Iinitially thought that the “stay at home” order brought about by Covid-19 would give me more “me time” and family-bonding time only to realize that, as the days progressed, I was busier than ever—organizing webinars for members, accepting invites to speak in online forums, e-meetings with staff, and formulating strategies for the associations that I am involved with.
For all these activities, I was fortunate to receive a pandemic management strategy framework from Belinda Moore, director of Australia-based Strategic Membership Solutions (SMS), which specializes in strategy, sponsorship and membership support for associations, charities, unions and other not-for-profit entities. I tweaked this template to be applicable to the Philippine association setting.
Demonstrate consistent, purposeful and calm leadership.
A good start for the management (secretariat) team is to prepare a clear, written strategy that outlines a realistic pathway forward through the crisis and then secure a buy-in from the Board and staff. It would also be a good move to get allies from among a few member-champions who share your agenda to ensure a regular, consistent, and clear messaging to all stakeholders throughout the crisis, including strategies to deal with the downturn that will ensue during and after the pandemic.
Provide members with solutions they need when they need them.
Members’ needs and welfare should be first and foremost in the minds of the leadership team and immediate efforts should be made to provide the right support to each member segment and to be prepared to innovate to achieve this.
This is also the time to be a trusted source of truth and curated insights by keeping members up-to-date on issues and trends that affect them. There is also need to facilitate connections between those in the association community to enable them to share stories, and to ask for and offer support.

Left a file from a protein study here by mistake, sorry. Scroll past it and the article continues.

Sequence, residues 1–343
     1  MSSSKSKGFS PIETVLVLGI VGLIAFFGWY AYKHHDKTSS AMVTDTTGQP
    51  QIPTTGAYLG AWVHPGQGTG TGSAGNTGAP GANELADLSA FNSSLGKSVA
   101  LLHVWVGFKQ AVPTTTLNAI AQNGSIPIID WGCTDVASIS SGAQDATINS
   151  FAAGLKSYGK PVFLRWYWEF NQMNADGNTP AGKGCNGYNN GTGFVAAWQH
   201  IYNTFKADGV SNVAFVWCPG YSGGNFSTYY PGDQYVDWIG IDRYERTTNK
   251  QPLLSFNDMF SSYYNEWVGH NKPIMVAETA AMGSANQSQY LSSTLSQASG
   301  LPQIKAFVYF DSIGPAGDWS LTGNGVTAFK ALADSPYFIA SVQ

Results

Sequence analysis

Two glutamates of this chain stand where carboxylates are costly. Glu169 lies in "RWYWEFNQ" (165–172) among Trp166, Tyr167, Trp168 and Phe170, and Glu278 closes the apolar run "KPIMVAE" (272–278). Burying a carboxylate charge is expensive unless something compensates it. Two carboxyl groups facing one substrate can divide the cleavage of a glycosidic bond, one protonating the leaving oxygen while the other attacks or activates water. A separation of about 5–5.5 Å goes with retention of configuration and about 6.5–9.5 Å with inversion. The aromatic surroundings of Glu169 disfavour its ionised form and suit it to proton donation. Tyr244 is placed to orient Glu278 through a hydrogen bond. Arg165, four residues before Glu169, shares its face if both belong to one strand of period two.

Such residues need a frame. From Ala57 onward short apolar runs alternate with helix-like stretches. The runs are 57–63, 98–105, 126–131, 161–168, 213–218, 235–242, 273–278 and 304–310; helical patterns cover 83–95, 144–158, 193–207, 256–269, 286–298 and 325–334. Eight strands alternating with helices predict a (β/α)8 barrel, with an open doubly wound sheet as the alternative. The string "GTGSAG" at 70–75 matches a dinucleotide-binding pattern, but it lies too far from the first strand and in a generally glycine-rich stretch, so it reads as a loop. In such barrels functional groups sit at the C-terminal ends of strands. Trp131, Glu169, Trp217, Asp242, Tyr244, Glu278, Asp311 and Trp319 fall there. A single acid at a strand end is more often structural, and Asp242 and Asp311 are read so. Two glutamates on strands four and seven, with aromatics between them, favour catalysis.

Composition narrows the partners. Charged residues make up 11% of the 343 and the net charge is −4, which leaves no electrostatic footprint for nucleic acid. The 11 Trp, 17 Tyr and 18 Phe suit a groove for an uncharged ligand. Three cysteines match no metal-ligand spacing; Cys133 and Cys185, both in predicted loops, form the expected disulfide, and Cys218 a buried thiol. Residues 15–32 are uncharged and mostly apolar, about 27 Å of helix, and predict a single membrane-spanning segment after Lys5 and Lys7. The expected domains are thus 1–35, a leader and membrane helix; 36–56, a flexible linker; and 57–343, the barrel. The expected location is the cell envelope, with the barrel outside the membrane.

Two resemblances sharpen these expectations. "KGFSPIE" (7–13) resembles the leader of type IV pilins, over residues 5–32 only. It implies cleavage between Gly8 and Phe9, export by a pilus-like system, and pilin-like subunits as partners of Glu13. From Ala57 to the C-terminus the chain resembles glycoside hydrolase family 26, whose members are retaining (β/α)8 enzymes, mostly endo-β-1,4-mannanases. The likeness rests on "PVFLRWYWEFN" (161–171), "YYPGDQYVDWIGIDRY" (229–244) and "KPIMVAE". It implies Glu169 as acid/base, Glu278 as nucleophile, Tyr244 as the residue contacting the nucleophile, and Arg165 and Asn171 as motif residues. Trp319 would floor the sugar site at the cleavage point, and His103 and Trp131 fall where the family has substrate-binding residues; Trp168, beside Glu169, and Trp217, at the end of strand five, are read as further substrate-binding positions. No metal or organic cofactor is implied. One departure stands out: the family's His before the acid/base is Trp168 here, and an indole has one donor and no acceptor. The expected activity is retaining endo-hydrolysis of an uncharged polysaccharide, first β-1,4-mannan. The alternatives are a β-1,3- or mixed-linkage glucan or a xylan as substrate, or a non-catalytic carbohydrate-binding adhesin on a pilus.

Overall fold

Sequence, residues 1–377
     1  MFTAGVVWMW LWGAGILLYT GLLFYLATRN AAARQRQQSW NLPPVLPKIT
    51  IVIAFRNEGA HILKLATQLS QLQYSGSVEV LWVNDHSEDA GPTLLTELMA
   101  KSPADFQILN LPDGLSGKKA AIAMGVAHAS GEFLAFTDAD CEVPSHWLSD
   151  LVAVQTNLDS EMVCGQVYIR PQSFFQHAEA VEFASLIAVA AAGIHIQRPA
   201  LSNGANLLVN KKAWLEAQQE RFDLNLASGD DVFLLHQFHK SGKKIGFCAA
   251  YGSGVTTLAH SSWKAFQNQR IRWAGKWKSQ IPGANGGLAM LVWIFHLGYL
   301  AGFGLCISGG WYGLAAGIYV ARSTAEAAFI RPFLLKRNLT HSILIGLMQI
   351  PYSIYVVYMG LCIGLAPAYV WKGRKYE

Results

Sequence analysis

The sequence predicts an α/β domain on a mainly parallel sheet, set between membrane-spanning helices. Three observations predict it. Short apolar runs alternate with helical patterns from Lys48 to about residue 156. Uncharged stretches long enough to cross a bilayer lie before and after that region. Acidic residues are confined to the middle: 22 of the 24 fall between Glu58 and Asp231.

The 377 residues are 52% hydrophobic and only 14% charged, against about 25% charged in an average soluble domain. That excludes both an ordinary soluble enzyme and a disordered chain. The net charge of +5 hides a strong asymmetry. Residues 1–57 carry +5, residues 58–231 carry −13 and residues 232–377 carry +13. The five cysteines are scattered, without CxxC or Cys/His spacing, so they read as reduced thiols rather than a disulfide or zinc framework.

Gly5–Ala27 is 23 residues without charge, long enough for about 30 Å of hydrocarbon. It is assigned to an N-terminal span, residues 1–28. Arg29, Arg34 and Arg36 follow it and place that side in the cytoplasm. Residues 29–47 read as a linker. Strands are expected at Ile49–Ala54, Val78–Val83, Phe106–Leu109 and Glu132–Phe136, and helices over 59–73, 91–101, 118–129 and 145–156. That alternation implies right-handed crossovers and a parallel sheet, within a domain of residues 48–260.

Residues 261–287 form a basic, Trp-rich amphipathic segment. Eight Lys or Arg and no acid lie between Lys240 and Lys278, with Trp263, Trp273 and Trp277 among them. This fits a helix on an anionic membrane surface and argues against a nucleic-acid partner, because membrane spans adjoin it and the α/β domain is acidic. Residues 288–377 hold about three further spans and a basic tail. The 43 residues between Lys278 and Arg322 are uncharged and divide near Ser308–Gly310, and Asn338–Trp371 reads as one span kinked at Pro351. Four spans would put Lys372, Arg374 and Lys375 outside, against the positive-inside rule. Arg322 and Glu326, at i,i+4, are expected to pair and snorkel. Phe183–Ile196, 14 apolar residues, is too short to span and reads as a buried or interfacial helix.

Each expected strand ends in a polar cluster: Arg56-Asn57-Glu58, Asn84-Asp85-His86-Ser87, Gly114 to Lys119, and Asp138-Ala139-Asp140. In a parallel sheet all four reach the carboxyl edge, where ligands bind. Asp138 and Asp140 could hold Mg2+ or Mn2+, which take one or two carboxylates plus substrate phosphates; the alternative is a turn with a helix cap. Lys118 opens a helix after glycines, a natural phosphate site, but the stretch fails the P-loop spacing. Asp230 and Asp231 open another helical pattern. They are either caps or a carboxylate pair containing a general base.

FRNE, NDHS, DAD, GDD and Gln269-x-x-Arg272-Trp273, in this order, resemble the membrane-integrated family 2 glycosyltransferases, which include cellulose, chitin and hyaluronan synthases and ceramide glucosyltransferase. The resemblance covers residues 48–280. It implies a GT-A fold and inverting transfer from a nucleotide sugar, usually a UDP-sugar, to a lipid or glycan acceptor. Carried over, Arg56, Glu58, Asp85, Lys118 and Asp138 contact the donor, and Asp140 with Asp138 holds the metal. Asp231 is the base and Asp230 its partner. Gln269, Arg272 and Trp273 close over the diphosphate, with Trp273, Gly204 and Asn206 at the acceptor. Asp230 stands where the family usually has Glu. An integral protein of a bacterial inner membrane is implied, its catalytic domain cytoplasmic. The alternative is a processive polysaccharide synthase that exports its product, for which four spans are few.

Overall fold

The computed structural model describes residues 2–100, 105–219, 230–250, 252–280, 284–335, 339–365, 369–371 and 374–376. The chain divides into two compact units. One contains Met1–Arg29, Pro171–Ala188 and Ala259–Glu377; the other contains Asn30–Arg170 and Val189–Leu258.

Ensure the financial sustainability of the association.
It is also best to understand the new financial position of the association and undertake proactive cash flow management by cutting unnecessary costs and identifying the shift in income, such as moving to online events. It is also a must to continuously manage your relationship with existing sponsors and supporters and to plan your recovery strategy.
Equally critical is to ensure that your staff members are supported to deliver the plan outcomes in an environment where they are comfortable (e.g., work from home), and to minimize the risk of the staff by automating and streamlining processes, where possible.
In essence, an association must have human and financial strengths to survive this pandemic. This can only be achieved by a united leadership (Board and management) that can formulate and execute a clear strategy to provide meaningful and impactful solutions to all key stakeholders of the association—members, volunteers, supporters and sponsors—during these trying times.
The column contributor, Octavio “Bobby” Peralta, is concurrently the secretary-general of the Association of Development Financing Institutions in Asia and the Pacific and the Founder & CEO of the Philippine Council of Associations and Association Executives. PCAAE is holding the Associations Summit 8 on November 25 and 26, 2020 at the Philippine International Convention Center which is expected to draw over 200 association professionals here and abroad. The two-day event is supported by Adfiap, the Tourism Promotions Board, and the PICC. E-mail email@example.com for more details on AS8.